• How to set a rent that keeps everyone happy


How to set a rent that keeps everyone happy

How to set a rent that keeps everyone happy

You found the perfect property, sorted the mortgage, the redecoration and all that paperwork – and now you're ready to find your first tenant. But first, you need to decide what rent you're going to charge them.
You'll soon know if you've set the rent too low or too high. Too low, and your phone won't stop ringing; too high, and the only people who'll be calling are telemarketers.

How do you set it just right?

Start by finding out the average price for your area. Upad's rental index helps you find the average rent for your area by the number of bedrooms in the property. This gives you a good ballpark figure to start working with.

Take a look at similar properties currently available for rent in the same area. Our price search will let you select a range, rather than a specific price, so it's best to look both above and below your target rent. Whether you're looking online or at traditional agents, get to know your local rental marketplace. Which properties get snapped up immediately? Which sit there, month in, month out, empty? Can you find a "sweet spot", where the rent is as high as it can be without putting tenants off?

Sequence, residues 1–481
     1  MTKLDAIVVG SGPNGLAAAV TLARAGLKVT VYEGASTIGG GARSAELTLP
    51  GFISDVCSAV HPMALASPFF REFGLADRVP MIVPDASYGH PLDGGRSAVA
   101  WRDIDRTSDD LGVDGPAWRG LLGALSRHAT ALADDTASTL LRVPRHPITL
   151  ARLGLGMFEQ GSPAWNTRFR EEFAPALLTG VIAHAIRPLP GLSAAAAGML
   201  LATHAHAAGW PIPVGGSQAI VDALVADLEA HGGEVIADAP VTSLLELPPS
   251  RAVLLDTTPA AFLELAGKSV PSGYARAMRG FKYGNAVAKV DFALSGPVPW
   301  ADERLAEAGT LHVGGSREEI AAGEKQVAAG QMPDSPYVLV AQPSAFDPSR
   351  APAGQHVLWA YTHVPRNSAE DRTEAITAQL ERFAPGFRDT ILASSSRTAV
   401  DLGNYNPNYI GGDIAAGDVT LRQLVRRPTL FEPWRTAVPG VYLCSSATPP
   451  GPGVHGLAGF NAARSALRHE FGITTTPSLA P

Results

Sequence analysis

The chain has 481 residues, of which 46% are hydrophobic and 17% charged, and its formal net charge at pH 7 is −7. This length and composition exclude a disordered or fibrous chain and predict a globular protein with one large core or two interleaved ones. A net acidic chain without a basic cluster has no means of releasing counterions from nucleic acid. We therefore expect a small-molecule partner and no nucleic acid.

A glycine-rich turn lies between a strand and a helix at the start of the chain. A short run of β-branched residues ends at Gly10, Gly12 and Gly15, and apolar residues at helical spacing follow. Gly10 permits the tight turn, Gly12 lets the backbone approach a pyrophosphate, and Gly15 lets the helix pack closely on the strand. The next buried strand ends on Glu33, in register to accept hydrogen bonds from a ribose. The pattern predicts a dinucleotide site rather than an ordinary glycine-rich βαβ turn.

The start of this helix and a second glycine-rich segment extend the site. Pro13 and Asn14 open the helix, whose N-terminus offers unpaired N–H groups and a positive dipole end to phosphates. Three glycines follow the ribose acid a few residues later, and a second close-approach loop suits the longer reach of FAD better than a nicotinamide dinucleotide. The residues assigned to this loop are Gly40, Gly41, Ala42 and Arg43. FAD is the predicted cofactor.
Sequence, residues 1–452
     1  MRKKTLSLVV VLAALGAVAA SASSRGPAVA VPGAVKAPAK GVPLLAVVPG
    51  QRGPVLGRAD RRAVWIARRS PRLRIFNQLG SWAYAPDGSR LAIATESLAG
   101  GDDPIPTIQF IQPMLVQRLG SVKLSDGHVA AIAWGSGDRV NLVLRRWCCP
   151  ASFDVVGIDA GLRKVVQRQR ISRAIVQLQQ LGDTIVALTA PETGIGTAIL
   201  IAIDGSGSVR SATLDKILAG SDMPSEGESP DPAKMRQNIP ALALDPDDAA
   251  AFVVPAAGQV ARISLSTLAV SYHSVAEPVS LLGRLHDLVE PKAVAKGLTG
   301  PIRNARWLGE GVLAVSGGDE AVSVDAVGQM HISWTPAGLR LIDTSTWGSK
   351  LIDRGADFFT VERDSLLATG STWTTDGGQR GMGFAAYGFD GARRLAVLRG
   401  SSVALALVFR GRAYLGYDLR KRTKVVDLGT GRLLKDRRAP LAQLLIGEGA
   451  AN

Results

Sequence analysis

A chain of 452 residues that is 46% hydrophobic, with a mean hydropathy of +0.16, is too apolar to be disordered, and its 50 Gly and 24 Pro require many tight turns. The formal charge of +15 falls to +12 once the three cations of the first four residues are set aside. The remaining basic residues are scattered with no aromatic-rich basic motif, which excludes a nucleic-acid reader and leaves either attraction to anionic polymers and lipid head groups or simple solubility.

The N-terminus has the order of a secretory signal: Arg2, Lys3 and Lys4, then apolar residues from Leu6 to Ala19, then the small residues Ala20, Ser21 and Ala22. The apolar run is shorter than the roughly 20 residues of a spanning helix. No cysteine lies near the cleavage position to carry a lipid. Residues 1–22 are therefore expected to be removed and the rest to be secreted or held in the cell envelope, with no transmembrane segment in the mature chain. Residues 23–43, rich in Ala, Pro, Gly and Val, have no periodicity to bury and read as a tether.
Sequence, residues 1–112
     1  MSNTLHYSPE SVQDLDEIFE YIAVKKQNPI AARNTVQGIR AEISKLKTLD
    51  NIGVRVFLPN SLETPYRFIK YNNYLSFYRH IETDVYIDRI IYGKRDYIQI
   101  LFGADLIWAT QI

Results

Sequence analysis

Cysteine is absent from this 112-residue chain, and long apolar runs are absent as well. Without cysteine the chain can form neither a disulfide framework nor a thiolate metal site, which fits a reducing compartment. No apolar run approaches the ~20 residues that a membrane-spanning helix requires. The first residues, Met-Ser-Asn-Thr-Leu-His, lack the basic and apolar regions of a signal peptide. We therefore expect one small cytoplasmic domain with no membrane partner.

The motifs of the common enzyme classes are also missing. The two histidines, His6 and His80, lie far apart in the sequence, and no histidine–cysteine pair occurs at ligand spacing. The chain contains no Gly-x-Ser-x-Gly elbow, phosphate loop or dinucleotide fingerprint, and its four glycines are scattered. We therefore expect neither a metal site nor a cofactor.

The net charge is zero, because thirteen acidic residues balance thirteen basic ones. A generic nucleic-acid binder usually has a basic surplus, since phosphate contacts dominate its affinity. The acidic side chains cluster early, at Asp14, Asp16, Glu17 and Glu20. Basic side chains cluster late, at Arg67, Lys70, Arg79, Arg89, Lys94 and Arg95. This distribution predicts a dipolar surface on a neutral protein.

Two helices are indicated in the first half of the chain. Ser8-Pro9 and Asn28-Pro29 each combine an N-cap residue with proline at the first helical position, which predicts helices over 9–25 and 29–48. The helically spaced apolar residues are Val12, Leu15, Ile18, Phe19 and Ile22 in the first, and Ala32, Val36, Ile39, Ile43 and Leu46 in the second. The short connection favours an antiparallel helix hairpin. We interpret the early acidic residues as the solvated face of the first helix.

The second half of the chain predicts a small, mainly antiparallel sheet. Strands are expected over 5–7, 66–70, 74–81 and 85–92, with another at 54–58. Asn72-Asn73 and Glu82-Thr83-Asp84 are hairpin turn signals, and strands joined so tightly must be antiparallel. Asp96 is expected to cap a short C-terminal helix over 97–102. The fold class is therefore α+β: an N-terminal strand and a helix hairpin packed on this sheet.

It's not just about determining the average in your area and charging that: don't sell yourself short. If your property offers off-street parking, a garden or even broadband, those facilities will all increase the desirability of your property and mean that you can charge a higher rent. Decent decor, flooring and furnishings, of course, also improve rental value.

You can't always get what you want...

Consider the effect of lowering your rent on void periods. If it keeps your property fully-occupied, you could actually be better off in the longer term charging a lower amount, than holding out for the full amount but having a couple of months where you earn nothing at all.

Tenants charged a lower rent are likely to stay longer, again, minimising void periods and keeping your income stream going. Higher rents will earn you more while a tenant is in the property, but you may find they move out more quickly and that filling their place is more difficult.

The strategy you use here will depend on demand in your area, so again, it's worth keeping an eye on the local market to see how quickly property is let and just how much supply is available. In areas where there is a plentiful supply of rental property, setting rents lower to keep your rentals competitive is probably the best advice.

For more tips and advice for landlords, check out our blog and follow @AvoidTheVoids on Twitter.